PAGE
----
Letter to the Editor: Make your voice heard on annexation

For many years now, the city of Soldotna has bludgeoned its way toward annexation.

For many years now, the city of Soldotna has bludgeoned its way toward annexing areas of the borough whose residents and property owners don’t want to be annexed. Their choice of method for accomplishing this has been the Legislative Review Process. To annex an area by the Legislative Review Process is to take it over without a vote of those who are affected. It is the least democratic of the five avenues a city can use to expand its borders.

The first go-round saw petitions with hundreds of signatures and public testimony in meeting after meeting against annexation. The entire Soldotna City council turned a deaf ear toward the outpouring of public sentiment and voted to annex anyway. One man, then city mayor Dave Carey, vetoed their decision and we escaped becoming an unwilling part of the city of Soldotna.

In 2015-16, the issue raised its ugly head once again. In spite of more petitions with over 1,000 signatures and more public outcry, the city council voted to have the matter studied. The Athena group assessed the need for annexation and their findings did not support the city’s desire to extend the current boundaries. The city of Soldotna has the largest tax-based income of any city in the borough.

Fast forward to 2018 and the city of Soldotna, in spite of reams of negative comment from those who would be impacted, decided to go ahead, using the Legislative Review Process, to annex those areas that would provide the city with the most lucrative tax revenue. This coming Saturday, Sept. 7 at SoHi Auditorium, the city will offer its final token meeting for public comment before petitioning the Local Boundary Commission in Juneau for permission to annex several areas adjacent to its present boundaries — areas whose residents and property owners will have no vote.

What can you do? Please, come to the meeting on Sept. 7. Make your voice heard. Support those who are being denied the right to vote on their future. Who knows where the city will go next?

— Sally Oelrich, Soldotna

More in Opinion

Rep. Ben Carpenter, R-Nikiski, speaks about teacher bonuses during consideration a bill increasing state funds for public education in the Alaska House of Representatives on Thursday, Feb. 22, 2024, in Juneau, Alaska. (Ashlyn O’Hara/Peninsula Clarion)
Rep. Ben Carpenter: Time to disrupt our legislative process

Capitol Corner: Legislators report back from Juneau

Sen. Jesse Bjorkman, R-Nikiski, presents information on a bill establishing a voluntary buyback program for Cook Inlet’s east side setnet fishery on Monday, Feb. 19, 2024, in Juneau, Alaska. (Ashlyn O’Hara/Peninsula Clarion)
Sen. Jesse Bjorkman: Fishing, energy move into spotlight

Capitol Corner: Legislators report back from Juneau

Rep. Justin Ruffridge, R-Soldotna, speaks in support of debating an omnibus education bill in the Alaska House Chambers on Monday, Feb. 19, 2024 in Juneau, Alaska. (Ashlyn O’Hara/Peninsula Clarion)
Rep. Justin Ruffridge: Finding common ground on education

Capitol Corner: Legislators report back from Juneau

Sen. Jesse Bjorkman, R-Nikiski, speaks to attendees at a town hall event on Monday, Nov. 20, 2023, in Nikiski, Alaska. (Ashlyn O’Hara/Peninsula Clarion)
Sen. Jesse Bjorkman: Taking action for workers, supporting kids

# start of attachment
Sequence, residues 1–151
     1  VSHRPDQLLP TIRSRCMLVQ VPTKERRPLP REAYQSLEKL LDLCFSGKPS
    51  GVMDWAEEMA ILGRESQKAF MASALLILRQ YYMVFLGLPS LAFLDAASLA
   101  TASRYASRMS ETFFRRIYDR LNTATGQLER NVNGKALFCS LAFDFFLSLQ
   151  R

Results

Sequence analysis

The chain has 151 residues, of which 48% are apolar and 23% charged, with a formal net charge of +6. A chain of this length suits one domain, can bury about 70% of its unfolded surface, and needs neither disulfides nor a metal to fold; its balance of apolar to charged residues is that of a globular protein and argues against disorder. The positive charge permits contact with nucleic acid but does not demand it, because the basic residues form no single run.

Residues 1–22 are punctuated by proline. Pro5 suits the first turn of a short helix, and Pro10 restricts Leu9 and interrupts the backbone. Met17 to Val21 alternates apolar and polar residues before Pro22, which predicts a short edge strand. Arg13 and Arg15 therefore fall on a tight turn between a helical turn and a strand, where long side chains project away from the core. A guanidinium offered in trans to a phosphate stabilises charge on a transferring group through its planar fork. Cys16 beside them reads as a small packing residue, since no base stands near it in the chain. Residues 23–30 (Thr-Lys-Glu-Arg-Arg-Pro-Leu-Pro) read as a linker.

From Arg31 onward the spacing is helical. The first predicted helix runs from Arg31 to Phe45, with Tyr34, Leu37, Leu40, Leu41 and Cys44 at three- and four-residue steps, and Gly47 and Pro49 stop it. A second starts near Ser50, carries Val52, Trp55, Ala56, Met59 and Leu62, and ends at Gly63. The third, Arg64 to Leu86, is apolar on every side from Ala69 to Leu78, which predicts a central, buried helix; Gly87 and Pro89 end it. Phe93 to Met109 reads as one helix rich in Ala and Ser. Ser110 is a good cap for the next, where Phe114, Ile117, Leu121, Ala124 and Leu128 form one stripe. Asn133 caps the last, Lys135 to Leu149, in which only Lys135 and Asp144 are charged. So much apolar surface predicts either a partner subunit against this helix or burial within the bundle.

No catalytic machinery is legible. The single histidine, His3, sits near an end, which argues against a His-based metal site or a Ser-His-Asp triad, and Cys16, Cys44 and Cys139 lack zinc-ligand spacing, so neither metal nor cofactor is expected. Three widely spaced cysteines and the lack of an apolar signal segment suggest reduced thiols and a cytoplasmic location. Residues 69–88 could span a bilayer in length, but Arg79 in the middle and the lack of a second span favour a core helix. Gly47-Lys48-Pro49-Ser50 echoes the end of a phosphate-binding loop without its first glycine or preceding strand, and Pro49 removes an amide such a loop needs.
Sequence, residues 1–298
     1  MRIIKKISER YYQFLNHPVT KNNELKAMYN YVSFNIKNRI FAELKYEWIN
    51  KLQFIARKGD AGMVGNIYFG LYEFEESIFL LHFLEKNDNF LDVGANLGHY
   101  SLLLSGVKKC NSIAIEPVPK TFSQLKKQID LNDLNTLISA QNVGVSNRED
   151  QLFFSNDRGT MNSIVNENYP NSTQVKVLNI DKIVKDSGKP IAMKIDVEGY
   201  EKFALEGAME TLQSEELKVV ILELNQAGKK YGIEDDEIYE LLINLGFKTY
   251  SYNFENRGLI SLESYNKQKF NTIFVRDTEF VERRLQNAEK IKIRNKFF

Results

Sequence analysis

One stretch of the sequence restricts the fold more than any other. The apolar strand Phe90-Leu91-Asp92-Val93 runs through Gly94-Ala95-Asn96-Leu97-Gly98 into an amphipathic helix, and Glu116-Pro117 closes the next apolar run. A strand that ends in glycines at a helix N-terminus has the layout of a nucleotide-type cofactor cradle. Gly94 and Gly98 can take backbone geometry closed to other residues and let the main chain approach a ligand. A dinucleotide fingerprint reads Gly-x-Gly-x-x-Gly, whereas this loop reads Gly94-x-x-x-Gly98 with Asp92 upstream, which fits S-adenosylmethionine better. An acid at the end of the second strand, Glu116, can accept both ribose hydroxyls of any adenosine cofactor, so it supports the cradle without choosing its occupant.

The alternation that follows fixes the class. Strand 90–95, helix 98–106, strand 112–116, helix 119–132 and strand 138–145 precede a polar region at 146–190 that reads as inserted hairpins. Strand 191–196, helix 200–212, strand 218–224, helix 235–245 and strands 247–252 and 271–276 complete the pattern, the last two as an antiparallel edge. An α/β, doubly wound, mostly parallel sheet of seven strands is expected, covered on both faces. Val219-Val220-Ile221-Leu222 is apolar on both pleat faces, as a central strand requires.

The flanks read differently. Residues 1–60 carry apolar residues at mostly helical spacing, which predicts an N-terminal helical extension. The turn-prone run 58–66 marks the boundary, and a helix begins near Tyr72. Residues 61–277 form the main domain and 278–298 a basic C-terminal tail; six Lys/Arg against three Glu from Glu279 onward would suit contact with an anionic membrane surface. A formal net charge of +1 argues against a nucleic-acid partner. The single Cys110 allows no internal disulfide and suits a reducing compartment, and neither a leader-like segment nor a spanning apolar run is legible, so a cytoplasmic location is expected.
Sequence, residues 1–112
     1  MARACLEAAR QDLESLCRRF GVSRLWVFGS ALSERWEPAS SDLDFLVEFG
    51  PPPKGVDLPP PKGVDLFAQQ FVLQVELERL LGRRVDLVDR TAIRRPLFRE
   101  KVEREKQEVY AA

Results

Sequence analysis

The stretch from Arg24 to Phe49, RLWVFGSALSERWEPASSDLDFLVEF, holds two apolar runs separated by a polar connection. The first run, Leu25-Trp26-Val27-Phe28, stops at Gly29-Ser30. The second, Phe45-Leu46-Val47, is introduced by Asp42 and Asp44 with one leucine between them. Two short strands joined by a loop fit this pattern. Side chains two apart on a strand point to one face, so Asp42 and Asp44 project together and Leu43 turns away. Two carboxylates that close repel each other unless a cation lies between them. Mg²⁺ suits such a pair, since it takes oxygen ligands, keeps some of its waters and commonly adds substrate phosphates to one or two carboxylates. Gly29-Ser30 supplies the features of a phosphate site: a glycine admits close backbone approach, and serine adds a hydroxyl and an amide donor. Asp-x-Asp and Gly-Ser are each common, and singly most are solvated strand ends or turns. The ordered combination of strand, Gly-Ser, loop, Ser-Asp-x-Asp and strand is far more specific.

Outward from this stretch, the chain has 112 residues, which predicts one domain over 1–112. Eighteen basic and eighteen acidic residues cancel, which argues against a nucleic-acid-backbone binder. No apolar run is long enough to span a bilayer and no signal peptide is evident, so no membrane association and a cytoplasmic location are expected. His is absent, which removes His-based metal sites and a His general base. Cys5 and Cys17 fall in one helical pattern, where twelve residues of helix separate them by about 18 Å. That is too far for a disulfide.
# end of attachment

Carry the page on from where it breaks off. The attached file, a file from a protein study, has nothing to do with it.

Capitol Corner: Legislators report back from Juneau

Rep. Justin Ruffridge works in the Alaska State Capitol building on Tuesday, March 28, 2023, in Juneau, Alaska. (Mark Sabbatini/Juneau Empire)
Rep. Justin Ruffridge: Bills move forward and public weighs in

Capitol Corner: Legislators report back from Juneau

Alaska House Rep. Ben Carpenter, center, speaks to constituents at the Alaska State Capitol, in this undated photo. (Courtesy Office of Rep. Ben Carpenter)
Rep. Ben Carpenter: Focusing on fiscal stability

Capitol Corner: Legislators report back from Juneau

Alaska Council of School Administrators logo. (Photo provided)
Op-Ed: The K-12 Fiscal Cliff: Who is Responsible? Everyone!

Seven years is a very long time to go without a meaningful permanent state funding increase

Priya Helweg is the Deputy Regional Director and Executive Officer for the Office of the Regional Director (ORD), Office of Intergovernmental and External Affairs, Department of Health and Human Services, Region 10. (Image via hhs.gov)
Opinion: Inflation Reduction Act makes prescription drugs less expensive and more accessible

The Medicare program, can, for the first time, negotiate a fair price for certain prescription drugs taken by millions of beneficiaries

Alaska House Rep. Ben Carpenter, center, speaks to constituents at the Alaska State Capitol, in this undated photo. (Courtesy Office of Rep. Ben Carpenter)
Rep. Ben Carpenter: Looking toward strategic education reforms

Capitol Corner: Legislators report back from Juneau

Sen. Jesse Bjorkman, R-Nikiski, speaks to attendees at a town hall event on Monday, Nov. 20, 2023 in Nikiski, Alaska. (Ashlyn O’Hara/Peninsula Clarion)
Sen. Jesse Bjorkman: Hearings for bills on the horizon

Capitol Corner: Legislators report back from Juneau

Rep. Justin Ruffridge works in the Alaska State Capitol building on Tuesday, March 28, 2023, in Juneau, Alaska. (Mark Sabbatini/Juneau Empire)
Rep. Justin Ruffridge: Energy on the front burner

Capitol Corner: Legislators report back from Juneau

In this undated file photo the Trans-Alaska pipeline and pump station north of Fairbanks, Alaska is shown. (AP Photo / Al Grillo)
Opinion: The PROVE IT Act would affirm Alaska LNG makes global sense

The PROVE IT Act is U.S. Senate legislation to study the emissions intensity of goods produced in the U.S. with those produced in other countries